aliasing bug n. A class of subtle programming errors that can arise in code that does dynamic allocation, esp. via
`malloc(3)' or equivalent. If several pointers address
(`aliases for') a given hunk of storage, it may happen that the
storage is freed or reallocated (and thus moved) through one alias
and then referenced through another, which may lead to subtle (and
possibly intermittent) lossage depending on the state and the
allocation history of the malloc arena. Avoidable by use of
allocation strategies that never alias allocated core, or by use of
higher-level languages, such as LISP, which employ a garbage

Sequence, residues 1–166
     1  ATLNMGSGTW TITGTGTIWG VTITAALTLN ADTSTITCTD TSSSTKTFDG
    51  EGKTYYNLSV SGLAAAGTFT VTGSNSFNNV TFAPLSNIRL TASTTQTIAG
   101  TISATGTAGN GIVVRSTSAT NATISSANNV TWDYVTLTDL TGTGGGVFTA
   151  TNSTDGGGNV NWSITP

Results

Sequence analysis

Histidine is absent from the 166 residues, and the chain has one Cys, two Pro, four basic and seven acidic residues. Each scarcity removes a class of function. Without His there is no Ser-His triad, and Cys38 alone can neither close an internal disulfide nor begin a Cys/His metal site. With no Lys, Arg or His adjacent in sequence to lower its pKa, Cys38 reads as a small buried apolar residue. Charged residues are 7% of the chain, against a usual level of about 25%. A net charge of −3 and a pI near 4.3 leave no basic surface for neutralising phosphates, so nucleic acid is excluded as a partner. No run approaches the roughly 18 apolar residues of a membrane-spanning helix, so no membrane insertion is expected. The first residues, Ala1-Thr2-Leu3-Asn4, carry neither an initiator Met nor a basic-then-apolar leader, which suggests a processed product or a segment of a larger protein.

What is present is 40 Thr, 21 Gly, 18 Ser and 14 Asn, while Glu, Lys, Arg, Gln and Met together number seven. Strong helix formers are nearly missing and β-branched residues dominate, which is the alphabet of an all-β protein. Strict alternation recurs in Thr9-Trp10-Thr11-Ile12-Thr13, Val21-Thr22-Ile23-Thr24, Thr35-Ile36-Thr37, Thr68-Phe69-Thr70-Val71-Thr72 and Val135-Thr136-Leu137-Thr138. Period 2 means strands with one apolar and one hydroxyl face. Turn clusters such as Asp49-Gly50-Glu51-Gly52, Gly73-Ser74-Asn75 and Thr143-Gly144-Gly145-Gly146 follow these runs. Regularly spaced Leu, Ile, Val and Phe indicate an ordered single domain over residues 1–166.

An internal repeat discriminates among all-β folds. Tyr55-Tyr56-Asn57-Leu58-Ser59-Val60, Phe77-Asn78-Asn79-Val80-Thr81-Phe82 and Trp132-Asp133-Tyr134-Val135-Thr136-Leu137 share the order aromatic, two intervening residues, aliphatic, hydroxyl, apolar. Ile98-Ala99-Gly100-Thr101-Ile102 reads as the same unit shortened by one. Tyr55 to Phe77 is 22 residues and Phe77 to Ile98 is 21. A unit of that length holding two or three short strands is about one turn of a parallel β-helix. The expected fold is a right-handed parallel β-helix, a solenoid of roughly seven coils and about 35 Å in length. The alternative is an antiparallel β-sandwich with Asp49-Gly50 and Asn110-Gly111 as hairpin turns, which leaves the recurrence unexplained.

collector (see GC). Also called a stale pointer bug.
See also precedence lossage, smash the stack,
fandango on core, memory leak, memory smash,
overrun screw, spam.
Historical note: Though this term is nowadays associated with
C programming, it was already in use in a very similar sense in the
Algol-60 and FORTRAN communities in the 1960s.